The U.S. Fish and Wildlife Service has a long tradition of scientific excellence and always uses the best-available science to inform its work to conserve fish, wildlife, plants, and their habitat for the benefit of the American public.
Created in 1903 by President Theodore Roosevelt, today's National Wildlife Refuge System protects habitats and wildlife across the country, from the Alaskan tundra to subtropical wetlands. Managed by the U.S. Fish and Wildlife Service, the Refuge System's 560-plus refuges cover more than 150 million acres and protect nearly 1,400 species of birds, mammals, reptiles, amphibians, and fish.
While national wildlife refuges were created to protect wildlife, they are for people too. Refuges are ideal places for people of all ages to explore and connect with the natural world. We invite you to learn more about and visit the national wildlife refuges and wetland management districts in Colorado, Kansas, Montana, Nebraska, North Dakota, South Dakota, Utah, and Wyoming.
The Mountain-Prairie Region's Office of Ecological Services (ES) works to restore and protect healthy populations of fish, wildlife, and plants and the environments upon which they depend. Using the best available science, ES personnel work with Federal, State, Tribal, local, and non-profit stakeholders, as well as private land owners, to avoid, minimize, and mitigate threats to our Nation's natural resources.
Providing leadership in the conservation of migratory bird habitat through partnerships, grants, and outreach for present and future generations. The Migratory Bird Program is responsible for maintaining healthy migratory bird populations for the benefit of the American people.
The U.S. Fish & Wildlife Service Fish and Aquatic Conservation Program in the Mountain-Prairie Region helps conserve, protect, and enhance aquatic resources and provides economically valuable recreational fishing to anglers across the country. The program comprises 12 National Fish Hatcheries.
Law enforcement is essential to virtually every aspect of wildlife conservation. The Office of Law Enforcement contributes to Service efforts to manage ecosystems, save endangered species, conserve migratory birds, preserve wildlife habitat, restore fisheries, combat invasive species, and promote international wildlife conservation.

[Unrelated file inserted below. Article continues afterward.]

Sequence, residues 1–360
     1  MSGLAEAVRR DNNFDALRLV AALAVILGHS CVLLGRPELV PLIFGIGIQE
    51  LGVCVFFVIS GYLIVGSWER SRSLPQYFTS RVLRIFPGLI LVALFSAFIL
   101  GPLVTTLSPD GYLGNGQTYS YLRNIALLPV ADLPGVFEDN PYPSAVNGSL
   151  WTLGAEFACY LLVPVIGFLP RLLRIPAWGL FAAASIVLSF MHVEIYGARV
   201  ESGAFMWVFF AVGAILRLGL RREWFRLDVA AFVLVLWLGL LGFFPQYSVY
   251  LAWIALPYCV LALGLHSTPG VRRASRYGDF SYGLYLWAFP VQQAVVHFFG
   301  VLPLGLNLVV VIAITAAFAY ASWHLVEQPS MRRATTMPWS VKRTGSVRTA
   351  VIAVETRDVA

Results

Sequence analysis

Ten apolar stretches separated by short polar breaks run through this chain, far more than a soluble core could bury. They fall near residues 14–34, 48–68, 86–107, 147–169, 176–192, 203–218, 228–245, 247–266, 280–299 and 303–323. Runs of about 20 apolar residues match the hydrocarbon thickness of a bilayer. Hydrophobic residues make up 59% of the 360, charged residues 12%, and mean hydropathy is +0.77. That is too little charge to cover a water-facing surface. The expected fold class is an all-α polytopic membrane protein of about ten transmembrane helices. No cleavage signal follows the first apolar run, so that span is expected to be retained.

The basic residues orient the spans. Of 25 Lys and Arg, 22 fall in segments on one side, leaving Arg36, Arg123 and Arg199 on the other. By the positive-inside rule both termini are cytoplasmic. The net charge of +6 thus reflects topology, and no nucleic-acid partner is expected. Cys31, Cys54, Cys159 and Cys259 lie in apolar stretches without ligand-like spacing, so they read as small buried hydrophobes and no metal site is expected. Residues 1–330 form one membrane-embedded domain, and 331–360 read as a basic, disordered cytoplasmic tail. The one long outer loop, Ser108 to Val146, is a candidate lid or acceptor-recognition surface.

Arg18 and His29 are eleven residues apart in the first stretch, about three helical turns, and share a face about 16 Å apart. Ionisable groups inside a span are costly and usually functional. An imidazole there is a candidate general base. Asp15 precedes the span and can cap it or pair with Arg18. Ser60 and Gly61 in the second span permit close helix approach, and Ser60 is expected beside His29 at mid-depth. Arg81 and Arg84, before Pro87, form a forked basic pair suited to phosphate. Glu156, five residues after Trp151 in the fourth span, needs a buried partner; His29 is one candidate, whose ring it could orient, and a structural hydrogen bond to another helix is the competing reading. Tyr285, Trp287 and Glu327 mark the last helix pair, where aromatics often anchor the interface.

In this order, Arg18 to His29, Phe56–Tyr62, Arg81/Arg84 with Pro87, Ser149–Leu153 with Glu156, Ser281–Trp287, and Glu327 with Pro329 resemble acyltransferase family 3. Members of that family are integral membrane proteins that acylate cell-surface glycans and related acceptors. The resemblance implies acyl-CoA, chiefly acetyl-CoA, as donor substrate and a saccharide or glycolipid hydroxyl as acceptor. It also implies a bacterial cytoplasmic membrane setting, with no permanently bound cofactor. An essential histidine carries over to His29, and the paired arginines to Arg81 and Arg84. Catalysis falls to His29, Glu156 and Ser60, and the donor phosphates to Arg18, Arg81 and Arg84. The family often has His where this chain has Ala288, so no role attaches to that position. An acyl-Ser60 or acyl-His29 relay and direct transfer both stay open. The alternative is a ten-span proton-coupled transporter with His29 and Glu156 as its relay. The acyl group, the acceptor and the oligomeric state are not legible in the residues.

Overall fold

External Affairs staff in the Mountain-Prairie Region of the U.S. Fish and Wildlife Service provides support to the regional office and field stations to communicate and facilitate information about the Service's programs to the public, media, Congress, Tribes, partners, and other stakeholders in the 8-state region.
Species description: The American pika is a small mammal that inhabits fields fringed by suitable vegetation in alpine and subalpine mountain areas extending south from central British Columbia and Alberta into the Rocky Mountains of New Mexico and the Sierra Nevada Mountains of California. The historical range of the species includes California, Nevada, Oregon, Washington, Idaho, Montana, Wyoming, Colorado, Utah, and New Mexico.
A key characteristic of the American pika is its temperature sensitivity; death can occur after brief exposures to ambient temperatures greater than 77.9 °F. Therefore, the range of the species progressively increases with elevation in the southern extents of its distribution. In Canada, populations occur from sea level to 9,842 feet, but in New Mexico, Nevada, and southern California, populations rarely exist below 8,202 feet.
The U.S. Fish and Wildlife Service has completed an in-depth scientific status review of the American pika to determine if the species should be protected under the Endangered Species Act (ESA).
We analyzed potential factors that may affect the habitat or range of the pika including climate change, livestock grazing, invasive plant species and fire suppression and determined climate change to be the primary threat to the species.
To help us understand and forecast the potential impacts of climate change on pika populations in the western United States, we worked with NOAA to develop local-scale models to help predict the variables in surface temperatures that could affect pika populations.
Using this information, we conducted a risk assessment to determine if increased surface temperatures would affect the pika and found that although the American pika could potentially be impacted by climate change, we believe the species as a whole will be able to survive despite higher temperatures in a majority of its range. We believe the pika will have enough high elevation habitat to ensure its long-term survival.
Based on this information, we do not believe the American pika is in danger of extinction in the foreseeable future.
The U.S. Fish and Wildlife Service is undertaking an in-depth scientific status review of the American pika to determine if the species should be protected under the Endangered Species Act (ESA). The status review initiation does not mean that the Service has decided it is appropriate to give the American pika federal protection under the ESA. Rather, this is the first step in a process that triggers a more thorough review of all the biological information available.